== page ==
How to Provide a First Class Support Service

At iMeta we take providing a fantastic support service to our customers very seriously indeed. We pride ourselves on the high proportion of customers who commission us to provide additional development for them, beyond the scope of what was originally delivered. This is in part due to the highly skilled, dedicated and experienced developers, testers and project managers that we employ, but equally important is ensuring that our customers are pleased, no, delighted with the support service that we offer.

My name is James Watson and I manage the support team at iMeta Technologies. I’m very fortunate to work with a team of dynamic high achievers, however there are a number of things we do to ensure that we maintain an exceptional level of service. In this article I am going to share some of the secrets of our success with you.

Let’s start with the basics – know your customer! By ‘know your customer’, I don’t mean make them your best friend, go out drinking with them and send their children birthday presents, what I mean is ‘know their business’. You can’t clearly communicate with a customer on a support matter if you don’t know what they do, what their software does, and what the consequences of what they are telling you will have on their business.

Make sure you keep up to date with each customer. This is easy with the customers that you speak with frequently, but more difficult with those you have infrequent contact with. (I will discuss the need to maintain frequent contact with your customers in a later blog). It also helps significantly to know who you’re speaking with and where they fit within the organisation. A business user is likely to want a far less technical explanation of a problem than an IT administrator – it’s important to establish a rapport with the person you’re dealing with and respond to their specific needs.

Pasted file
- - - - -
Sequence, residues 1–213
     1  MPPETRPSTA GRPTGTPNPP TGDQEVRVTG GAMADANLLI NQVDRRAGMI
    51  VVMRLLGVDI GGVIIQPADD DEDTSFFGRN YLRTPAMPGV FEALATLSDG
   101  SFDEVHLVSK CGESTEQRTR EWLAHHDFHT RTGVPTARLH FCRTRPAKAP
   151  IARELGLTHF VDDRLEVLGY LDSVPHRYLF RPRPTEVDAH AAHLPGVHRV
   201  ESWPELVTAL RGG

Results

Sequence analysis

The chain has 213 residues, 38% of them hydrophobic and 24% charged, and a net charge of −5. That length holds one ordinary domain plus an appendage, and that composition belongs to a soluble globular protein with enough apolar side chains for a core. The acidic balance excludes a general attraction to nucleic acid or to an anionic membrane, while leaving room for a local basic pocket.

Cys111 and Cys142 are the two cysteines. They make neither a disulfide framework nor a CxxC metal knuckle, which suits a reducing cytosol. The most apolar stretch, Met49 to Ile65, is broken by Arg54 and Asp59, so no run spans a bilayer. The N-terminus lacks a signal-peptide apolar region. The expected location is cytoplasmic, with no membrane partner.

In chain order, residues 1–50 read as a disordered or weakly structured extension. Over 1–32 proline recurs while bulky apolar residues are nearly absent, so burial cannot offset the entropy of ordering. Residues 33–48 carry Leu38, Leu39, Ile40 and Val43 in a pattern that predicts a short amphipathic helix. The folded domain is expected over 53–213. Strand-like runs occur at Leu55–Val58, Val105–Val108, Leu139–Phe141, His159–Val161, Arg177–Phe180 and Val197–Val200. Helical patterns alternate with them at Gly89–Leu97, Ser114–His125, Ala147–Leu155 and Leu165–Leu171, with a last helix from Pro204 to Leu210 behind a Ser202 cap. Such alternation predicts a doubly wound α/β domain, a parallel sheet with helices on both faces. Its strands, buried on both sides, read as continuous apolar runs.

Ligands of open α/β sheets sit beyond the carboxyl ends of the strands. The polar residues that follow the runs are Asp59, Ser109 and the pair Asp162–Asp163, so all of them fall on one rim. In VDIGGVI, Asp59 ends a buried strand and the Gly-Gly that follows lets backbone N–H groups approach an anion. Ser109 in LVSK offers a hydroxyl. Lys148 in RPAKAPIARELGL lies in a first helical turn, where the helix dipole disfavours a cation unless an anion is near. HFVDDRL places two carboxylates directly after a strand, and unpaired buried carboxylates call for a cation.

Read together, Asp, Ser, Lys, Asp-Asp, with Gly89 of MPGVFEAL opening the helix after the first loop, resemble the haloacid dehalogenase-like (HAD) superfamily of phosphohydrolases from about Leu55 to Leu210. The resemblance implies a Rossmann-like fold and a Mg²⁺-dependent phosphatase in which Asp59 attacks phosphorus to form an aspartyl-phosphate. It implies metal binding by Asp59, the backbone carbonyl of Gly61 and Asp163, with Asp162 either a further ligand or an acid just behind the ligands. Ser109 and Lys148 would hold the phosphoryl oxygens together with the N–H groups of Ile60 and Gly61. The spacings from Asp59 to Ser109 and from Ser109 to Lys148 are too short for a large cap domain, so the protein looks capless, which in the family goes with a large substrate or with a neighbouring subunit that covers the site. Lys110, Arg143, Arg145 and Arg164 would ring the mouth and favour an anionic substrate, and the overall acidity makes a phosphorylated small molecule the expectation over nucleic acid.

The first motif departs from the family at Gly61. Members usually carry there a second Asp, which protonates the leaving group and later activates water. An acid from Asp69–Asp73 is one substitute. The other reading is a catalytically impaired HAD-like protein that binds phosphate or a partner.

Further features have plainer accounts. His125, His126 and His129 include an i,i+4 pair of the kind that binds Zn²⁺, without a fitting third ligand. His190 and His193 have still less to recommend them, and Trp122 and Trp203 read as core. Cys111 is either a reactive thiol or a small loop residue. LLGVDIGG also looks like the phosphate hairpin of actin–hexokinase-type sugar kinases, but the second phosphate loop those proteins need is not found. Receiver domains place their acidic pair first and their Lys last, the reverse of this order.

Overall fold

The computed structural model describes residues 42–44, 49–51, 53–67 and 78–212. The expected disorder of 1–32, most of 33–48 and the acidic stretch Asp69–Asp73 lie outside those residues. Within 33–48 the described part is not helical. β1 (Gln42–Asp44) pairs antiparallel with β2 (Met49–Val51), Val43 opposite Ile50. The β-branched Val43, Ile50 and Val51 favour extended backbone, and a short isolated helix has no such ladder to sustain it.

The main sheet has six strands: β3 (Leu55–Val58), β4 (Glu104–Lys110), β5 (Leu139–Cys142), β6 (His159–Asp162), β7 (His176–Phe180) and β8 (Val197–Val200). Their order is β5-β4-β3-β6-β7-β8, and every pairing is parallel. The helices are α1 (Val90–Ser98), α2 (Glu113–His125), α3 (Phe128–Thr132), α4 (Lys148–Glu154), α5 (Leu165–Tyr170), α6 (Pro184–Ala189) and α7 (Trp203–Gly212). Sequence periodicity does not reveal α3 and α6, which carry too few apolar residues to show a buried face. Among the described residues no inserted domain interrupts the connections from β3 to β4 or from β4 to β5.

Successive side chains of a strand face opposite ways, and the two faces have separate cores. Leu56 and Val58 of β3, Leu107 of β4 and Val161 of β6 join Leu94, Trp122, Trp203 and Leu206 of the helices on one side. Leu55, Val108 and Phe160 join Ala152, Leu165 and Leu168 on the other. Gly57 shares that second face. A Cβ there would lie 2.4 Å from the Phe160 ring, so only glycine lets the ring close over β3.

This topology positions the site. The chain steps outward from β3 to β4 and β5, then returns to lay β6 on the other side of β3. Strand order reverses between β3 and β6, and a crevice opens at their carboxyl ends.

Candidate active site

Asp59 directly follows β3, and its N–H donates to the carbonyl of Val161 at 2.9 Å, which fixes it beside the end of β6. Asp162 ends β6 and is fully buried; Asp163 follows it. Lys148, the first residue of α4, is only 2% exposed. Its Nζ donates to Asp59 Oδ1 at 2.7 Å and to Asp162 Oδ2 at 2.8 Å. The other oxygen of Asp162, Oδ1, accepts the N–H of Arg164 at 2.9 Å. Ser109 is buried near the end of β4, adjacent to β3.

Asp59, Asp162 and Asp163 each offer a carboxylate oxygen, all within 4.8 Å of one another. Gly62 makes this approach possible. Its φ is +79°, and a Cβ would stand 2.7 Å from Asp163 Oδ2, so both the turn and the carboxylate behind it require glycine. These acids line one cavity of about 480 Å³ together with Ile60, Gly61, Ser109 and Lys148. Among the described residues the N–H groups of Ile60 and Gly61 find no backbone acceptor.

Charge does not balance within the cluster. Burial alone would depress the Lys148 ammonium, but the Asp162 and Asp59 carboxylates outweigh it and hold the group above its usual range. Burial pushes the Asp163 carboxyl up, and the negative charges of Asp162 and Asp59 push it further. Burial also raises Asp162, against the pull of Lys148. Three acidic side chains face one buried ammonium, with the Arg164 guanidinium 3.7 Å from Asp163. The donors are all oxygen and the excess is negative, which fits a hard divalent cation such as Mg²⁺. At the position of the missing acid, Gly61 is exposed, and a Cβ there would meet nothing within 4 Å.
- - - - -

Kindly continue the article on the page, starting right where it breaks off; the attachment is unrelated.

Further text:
A number of our customers are large banks or financial businesses that provide fund and trust management services. Understanding the business of these customers can be a challenge due to the complex nature of what they do – Can you explain to me what a non-default cash standing settlement instruction is? The more complex the customer’s business, the more important it is that you understand what they do and how they do it. This understanding can make the difference between providing an adequate service and a superb one.

A well supported support team:

The support team at iMeta are technical people. We are all capable of writing well structured and thought out code, of thoroughly testing the code and of providing it to a customer in a release to solve a problem. However, even though each person is able to do this, I can’t express enough the importance of team work and peer review into the way in which we operate.

Our support team is ring fenced from development. This means that we are self-sufficient in terms of skills, knowledge and expertise – we don’t need to bring developers in to help us to solve technical problems. This also works well for our customers, who are able to build up a relationship with a fixed team of people and are not forced to work with a developer who has been assigned to support just for that day. Things usually work very well on this basis. Our developers are insulated from support, our support team is able to directly solve the issues raised with them; so have a real sense of achievement with their job and our customers know who they are dealing with and have consistency between issues. Things usually work very well…

From time to time an issue will come up that is either very technically complex, very difficult to understand or follow, or that involves a technology with which the support consultant has limited experience. When this happens it’s important that the support person is well supported and knows where to turn.

Within my team, the first port of call is other members of the team. We all regularly discuss the problems that we’re dealing with and use each other as sounding boards for ideas. This serves several purposes; it ensures that nothing is missed because everything is peer reviewed, it allows for someone else to take over in case of sickness or other absence, but most importantly, it ensures cross-fertilisation of ideas amongst the team.

Occasionally something comes up that no-one in the support team is able to solve. When this happens we know that we have the full technical resource of iMeta to fall back on.

The very last thing you want to happen is for your support people to be stuck with a problem with nowhere to turn. This is difficult for the support person and they will become de-motivated very quickly. As for the customer, they are waiting for a solution to their problem, and for the software house as a whole, the result is lost time and reduced productivity.

My advice – make sure that your support team know where to turn, who to turn to, and when to turn there.

James Watson
Global Head of Support